Arts & Culture

DU Societies: Online or Offline 

Pinterest LinkedIn Tumblr

As a semblance of normalcy begins to return to functioning around us, Delhi University performance-based societies choose to go offline with their workings – a decision that risks alienating outstation students who are still hesitant to return to campus. Read on to find more. 

Delhi University sees a diverse crowd in all terms. The play of privilege has come to the forefront in the era of the digital divide. We witnessed students committing suicide, leaving education, and going to all ends to just afford a phone or laptop for studies. In this phase, where do the cultural societies of Delhi University stand?

In the online scenario, all the performing societies were forced to operate in the online space, as a result of which we saw many online productions, audio plays, and virtual open mics. But the transition phase in DU societies has begun even before the colleges are officially reopened. A few months back a lot of performing societies started functioning offline, some with or without permission from the college authorities.

These mainly comprise drama societies, music and dance societies which need offline spaces to carry on with their operations smoothly. But since DU is not a university of Delhi students only, the question that ‘Do DU societies belong only to Delhi people?’ seems pretty valid in a scenario where outstation students are being repeatedly sidelined by the indiscriminate move to go offline with functioning.

Just a few days back Mood Indigo, the fest of IIT Bombay, organized the prelims for its street theatre competition, where some of the prominent societies performed with their productions like Ibitida, Hindu College, Hansraj Dram Soc, Kahkasha JMC, Lakshya, Kamla Nehru College, Anubhuti, Sri Venkateswara College, and many others. DU Beat talked to Simran from Hansraj Dram Soc to understand their take on conducting offline practices and workshops in collaboration with other societies.

We first years came into the society to perform and sadly it was not happening. Offline practices were essential for us to learn how DCTC worked as we will soon become seniors and the onus of training others will be on us.”

An outstation member of Kshitij, the street play society of Gargi College which organised an offline workshop in collaboration with Hansraj Dram Soc, on grounds of anonymity, shared their views with DU Beat,

If we talk about outstation students, someone who has never seen their college, for them, online meets are everything, that screen becomes more than just a screen. Offline meets are not fair to them, and they cannot be expected to travel long distances to attend, it is just not fair. They are missing out on experiences and lessons because of the circumstances. In the end, it comes down to whose perspective you choose to see – that of the helpless first year or the third year who will choose the offline mode due to the sheer rigour and space it allows one to work in.”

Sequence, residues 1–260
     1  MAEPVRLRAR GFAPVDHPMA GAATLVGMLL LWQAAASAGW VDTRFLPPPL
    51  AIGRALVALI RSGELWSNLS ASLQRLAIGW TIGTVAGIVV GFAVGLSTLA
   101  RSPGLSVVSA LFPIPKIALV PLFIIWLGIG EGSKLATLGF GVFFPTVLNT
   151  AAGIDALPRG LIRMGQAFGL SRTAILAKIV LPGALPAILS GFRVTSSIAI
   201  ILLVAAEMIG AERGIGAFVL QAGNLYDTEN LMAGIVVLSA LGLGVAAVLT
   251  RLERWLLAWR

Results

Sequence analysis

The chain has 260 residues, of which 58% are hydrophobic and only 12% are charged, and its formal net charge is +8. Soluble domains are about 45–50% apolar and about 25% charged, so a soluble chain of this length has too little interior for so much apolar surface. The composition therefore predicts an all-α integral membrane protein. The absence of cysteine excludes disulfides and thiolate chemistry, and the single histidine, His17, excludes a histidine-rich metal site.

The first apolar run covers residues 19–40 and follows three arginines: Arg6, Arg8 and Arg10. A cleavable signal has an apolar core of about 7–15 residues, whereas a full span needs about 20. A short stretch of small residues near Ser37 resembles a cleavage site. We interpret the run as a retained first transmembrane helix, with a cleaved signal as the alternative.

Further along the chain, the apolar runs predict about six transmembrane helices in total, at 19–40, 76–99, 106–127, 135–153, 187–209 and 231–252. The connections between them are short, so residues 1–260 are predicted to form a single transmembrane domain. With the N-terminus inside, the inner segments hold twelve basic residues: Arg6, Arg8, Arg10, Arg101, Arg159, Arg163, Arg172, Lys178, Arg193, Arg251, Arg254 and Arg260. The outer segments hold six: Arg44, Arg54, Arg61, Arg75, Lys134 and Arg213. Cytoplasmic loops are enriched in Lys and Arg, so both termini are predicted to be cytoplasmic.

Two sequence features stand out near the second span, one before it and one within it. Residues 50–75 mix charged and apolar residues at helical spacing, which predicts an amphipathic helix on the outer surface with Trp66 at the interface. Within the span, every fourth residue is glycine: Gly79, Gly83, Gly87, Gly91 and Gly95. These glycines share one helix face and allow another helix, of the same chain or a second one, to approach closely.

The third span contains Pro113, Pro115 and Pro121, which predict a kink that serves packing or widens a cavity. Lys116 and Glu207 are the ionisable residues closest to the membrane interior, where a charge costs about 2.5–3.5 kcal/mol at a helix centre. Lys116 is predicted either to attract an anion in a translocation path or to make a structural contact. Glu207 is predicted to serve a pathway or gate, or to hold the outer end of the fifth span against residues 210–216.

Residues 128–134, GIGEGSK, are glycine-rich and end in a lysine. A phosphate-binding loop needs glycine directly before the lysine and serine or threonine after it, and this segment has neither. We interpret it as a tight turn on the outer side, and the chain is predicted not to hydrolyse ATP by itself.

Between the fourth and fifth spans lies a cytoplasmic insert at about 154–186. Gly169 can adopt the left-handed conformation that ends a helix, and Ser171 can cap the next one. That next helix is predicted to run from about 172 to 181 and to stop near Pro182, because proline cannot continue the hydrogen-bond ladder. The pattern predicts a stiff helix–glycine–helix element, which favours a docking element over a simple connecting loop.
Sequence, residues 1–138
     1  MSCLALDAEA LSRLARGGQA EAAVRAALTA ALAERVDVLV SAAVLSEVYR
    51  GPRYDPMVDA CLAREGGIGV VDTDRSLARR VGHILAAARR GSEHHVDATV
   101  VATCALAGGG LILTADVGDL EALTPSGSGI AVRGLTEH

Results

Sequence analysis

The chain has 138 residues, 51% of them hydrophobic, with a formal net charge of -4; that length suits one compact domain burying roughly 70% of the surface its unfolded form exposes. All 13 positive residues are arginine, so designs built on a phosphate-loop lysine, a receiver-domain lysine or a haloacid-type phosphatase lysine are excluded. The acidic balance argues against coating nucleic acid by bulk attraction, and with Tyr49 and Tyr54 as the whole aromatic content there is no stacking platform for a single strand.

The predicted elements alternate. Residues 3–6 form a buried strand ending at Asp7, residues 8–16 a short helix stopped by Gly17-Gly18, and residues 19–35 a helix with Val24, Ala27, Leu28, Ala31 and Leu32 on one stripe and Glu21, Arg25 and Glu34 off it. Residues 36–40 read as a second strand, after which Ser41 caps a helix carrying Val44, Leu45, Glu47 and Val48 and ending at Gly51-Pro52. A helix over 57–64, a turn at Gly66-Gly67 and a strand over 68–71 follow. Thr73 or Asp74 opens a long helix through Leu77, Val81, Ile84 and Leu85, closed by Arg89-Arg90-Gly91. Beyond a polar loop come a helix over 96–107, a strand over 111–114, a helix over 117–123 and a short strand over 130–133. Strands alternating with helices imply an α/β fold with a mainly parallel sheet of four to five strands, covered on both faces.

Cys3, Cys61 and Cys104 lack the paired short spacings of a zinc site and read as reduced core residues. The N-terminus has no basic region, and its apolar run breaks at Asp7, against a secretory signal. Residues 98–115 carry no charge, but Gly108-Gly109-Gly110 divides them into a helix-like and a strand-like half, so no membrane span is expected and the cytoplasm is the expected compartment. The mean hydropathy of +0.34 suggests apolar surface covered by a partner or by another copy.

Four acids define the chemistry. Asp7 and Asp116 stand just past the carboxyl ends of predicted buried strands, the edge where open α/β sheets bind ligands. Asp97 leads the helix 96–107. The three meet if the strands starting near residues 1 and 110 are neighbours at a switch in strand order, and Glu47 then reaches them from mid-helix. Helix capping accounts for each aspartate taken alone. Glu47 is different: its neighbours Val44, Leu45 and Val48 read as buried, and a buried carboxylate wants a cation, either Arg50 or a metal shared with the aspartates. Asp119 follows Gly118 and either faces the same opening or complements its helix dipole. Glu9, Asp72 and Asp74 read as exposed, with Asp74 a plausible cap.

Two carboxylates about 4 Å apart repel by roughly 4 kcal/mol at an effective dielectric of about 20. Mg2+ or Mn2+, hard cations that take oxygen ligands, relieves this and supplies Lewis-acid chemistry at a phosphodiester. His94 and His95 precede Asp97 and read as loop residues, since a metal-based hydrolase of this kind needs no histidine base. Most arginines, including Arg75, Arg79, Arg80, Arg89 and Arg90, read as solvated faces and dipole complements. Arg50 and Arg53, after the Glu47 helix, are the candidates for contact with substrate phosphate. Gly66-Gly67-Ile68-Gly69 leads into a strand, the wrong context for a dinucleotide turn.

The culture of performing societies is surely a source of pride for the University of Delhi but another thing that the nukkad nataks propagate is the call for equality. In such a situation, when being in Delhi means being able to experience the societies, aren’t these societies becoming elite spaces? Various outstation students, who can afford to be in the city for internships or societies have moved here already, so who is actually being left behind? For these answers, we talked to Jai Mahajan from Shunya, Ramjas who shared his society experience.

Being in an online space has affected theatre but we are trying our best to level the playfield. Shunya is trying to come up with a fusion of both online and offline work. Surely people in the offline mode are learning and adapting quickly, but it’s up to seniors how they balance the collaboration.” – Jai, a member of Shunya, Ramjas

In the month of November, Shunya conducted its first series of month-long offline workshops. Students across departments and years from the college attended the workshops, which were conducted by incumbent and erstwhile members of the society on a wide range of topics relating to theatre. But the attendees also included a large number of outstation students who flew down to the city specifically to attend these workshops. Although safety precautions were adequately taken for the same, the decision to conduct these workshops in the offline mode, which many society members too could not attend, still remains under question.